A wide spectrum of emotions are conjured over the course of the album and, while half of the tracks feature vocals, the voices have been laden with resonant swathes of effects so as to retain a similar ambiguity to the instrumentals. On the chorus to Shores of Orion you can almost hear something that sounds like a synth or guitar solo. Post rock doesn't have to be all lengthy songs, they just have to have more depth to them. Their whole compositional setup reminds me of when I was teaching several teenage guitar students during Nirvana's Teen Spirit ride on the hit charts. Posted Thursday, April 19, 2012 Review 733077 Despite the rather bleak cover artwork, God Is an Astronaut's Far From Refuge doesn't exclusively occupy the sort of bleak, post-apocalyptic territory of much post-rock.
And then there are the crescendocore tracks. Group from the Ireland and play in the genre of Ambient, Post-Rock, on 22-February-18, 15:20 God Is an Astronaut in status is active and recorded on the label of the. Repeat listens don't do this good either, I'm afraid. The rhythms on each song pretty much hold a constant beat on each individual song, This is also to help the music be more pop- like. Posted Friday, May 21, 2010 Review 282839. I think the best way to describe this is Post Rock Lite.
Sea of Trees 04:49 If there are no links - - And write a link to the album. Soaring and steadily building lead work from the guitar flies overtop the rest of the mix, before breaking down in a heavier climax. There is pain and loss at work here, but not pain and loss that are given in to. A particular group of my students who could barely play the three chords to Wild Thing prepared a major opus for the school music assembly by playing those three chords very softly with mostly bass for four reps and then blasting the same three chords very loudly for four more reps. Without huge tracks and monolithic soundscapes, these guys sound a bit too weak underneath their cousins, because even though they interject ambient passages into the structures, and many of the songs have a slower and more laid-back mood, with their formula of short and cheery, God is an Astronaut miss out on so much depth in songwriting. I wouldn't go as far to call it derivative - these guys certainly have their own sound, it's just that it's not a sound that lasts all too long, even within an album.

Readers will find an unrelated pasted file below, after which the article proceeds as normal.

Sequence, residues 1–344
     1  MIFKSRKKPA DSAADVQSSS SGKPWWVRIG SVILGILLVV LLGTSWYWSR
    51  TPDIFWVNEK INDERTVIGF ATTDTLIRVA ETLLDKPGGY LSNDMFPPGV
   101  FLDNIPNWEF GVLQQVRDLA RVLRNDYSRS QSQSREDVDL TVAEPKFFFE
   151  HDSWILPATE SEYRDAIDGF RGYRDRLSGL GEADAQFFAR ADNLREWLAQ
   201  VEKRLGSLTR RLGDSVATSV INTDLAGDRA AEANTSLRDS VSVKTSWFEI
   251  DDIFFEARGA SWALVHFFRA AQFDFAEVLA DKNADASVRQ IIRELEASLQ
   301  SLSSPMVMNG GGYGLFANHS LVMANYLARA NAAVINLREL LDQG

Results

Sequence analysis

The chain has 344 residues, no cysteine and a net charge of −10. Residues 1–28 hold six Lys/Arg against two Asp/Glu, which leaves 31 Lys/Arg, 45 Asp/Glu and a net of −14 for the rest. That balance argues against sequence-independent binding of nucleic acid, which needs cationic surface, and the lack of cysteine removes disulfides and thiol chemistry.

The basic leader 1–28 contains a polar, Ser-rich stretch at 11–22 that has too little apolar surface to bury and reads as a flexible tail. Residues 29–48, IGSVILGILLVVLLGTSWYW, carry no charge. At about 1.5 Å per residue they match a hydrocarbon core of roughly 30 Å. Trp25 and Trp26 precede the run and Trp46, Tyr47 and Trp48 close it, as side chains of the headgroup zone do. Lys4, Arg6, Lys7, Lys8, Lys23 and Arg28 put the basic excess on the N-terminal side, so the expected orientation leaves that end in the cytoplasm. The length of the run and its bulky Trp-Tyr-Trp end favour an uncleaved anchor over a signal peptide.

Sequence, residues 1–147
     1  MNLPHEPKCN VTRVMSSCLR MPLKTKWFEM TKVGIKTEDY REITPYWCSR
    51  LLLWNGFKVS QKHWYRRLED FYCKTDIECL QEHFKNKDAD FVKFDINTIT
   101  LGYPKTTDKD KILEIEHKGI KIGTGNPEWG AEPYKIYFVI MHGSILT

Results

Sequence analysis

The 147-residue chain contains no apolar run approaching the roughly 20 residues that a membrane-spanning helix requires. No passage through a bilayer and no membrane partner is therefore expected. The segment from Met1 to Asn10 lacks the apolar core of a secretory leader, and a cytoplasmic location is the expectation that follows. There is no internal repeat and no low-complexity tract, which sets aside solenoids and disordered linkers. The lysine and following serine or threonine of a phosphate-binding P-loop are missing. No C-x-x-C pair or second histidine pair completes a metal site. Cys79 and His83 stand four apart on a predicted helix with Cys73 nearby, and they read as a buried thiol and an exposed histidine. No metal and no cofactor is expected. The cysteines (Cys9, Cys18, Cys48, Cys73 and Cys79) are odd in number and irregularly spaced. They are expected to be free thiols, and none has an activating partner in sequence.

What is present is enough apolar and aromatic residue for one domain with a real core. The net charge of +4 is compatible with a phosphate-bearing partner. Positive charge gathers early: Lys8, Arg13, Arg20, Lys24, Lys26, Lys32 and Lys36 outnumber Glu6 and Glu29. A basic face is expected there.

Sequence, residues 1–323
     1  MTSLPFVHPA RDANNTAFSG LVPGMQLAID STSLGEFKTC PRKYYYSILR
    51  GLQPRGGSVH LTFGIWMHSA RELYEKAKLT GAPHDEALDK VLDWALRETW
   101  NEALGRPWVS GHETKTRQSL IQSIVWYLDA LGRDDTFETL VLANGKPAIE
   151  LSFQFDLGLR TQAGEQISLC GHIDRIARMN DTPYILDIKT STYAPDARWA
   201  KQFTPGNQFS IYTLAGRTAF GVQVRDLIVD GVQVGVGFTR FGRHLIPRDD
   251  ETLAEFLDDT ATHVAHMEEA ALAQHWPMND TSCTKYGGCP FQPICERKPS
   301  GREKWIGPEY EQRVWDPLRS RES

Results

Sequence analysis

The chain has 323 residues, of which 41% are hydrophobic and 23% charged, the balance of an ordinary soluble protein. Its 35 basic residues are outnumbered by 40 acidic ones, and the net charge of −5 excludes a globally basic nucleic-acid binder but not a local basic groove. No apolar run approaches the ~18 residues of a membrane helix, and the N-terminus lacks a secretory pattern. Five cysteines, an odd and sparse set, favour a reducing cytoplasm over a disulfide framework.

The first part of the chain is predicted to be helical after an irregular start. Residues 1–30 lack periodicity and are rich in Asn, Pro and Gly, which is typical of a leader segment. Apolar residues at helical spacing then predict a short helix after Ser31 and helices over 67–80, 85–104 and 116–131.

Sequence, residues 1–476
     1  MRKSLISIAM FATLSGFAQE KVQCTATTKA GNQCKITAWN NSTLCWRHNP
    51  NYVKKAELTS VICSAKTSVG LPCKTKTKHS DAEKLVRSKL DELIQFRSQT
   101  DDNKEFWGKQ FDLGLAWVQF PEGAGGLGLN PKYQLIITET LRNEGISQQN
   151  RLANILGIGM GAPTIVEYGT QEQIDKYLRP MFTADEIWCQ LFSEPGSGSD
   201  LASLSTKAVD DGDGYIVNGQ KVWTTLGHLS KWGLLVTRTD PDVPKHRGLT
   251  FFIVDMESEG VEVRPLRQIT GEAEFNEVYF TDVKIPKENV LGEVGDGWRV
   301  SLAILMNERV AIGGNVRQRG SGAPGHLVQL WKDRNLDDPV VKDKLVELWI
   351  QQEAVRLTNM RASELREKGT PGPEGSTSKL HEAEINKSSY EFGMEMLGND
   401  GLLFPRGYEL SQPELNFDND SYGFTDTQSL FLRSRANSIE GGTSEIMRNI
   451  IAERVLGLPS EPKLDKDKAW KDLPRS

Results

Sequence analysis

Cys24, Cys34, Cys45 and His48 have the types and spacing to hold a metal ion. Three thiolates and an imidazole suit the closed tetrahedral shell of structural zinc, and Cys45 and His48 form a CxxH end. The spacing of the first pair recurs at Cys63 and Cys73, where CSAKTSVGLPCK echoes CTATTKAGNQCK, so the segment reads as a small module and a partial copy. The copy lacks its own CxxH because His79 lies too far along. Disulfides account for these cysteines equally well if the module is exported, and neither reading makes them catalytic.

Think of the interplay between light and leaves when sunlight shines through trees. But for me their new sound is not better or worse , it just a bit changed. Their brand of post rock is to try to make it easy for people to listen to. Later on in their career, the electronic elements would become a positive side to their music, but on this album, let's just say they're pretty poor. Melancholic, yet uplifting, beautiful guitar work, lush backing ambiance and some of the most technically accomplished and tasteful drumming the genre has to offer are all staples of the music heard on 'Fifth Sun'. Likewise, their melancholy verses carry a lot of emotional impact and occasionally channel Eno's world weary 70s ambient rock. Fuck The Facts,1,Death Motif,1,Death n Roll,4,Death n' Roll,5,Death Rock,2,Death Temple,1,Death Worship,1,Deathcode Society,1,Deathcore,226,Deathcult,1,Deathfare,1,Deathforge,1,Deathgrind,34,deathhammer,2,Deathkin,1,deathmetal? Vinyl cutting at half speed is a highly specialized process which produces a louder, cleaner cut which far surpasses what is achievable on a standard speed cut.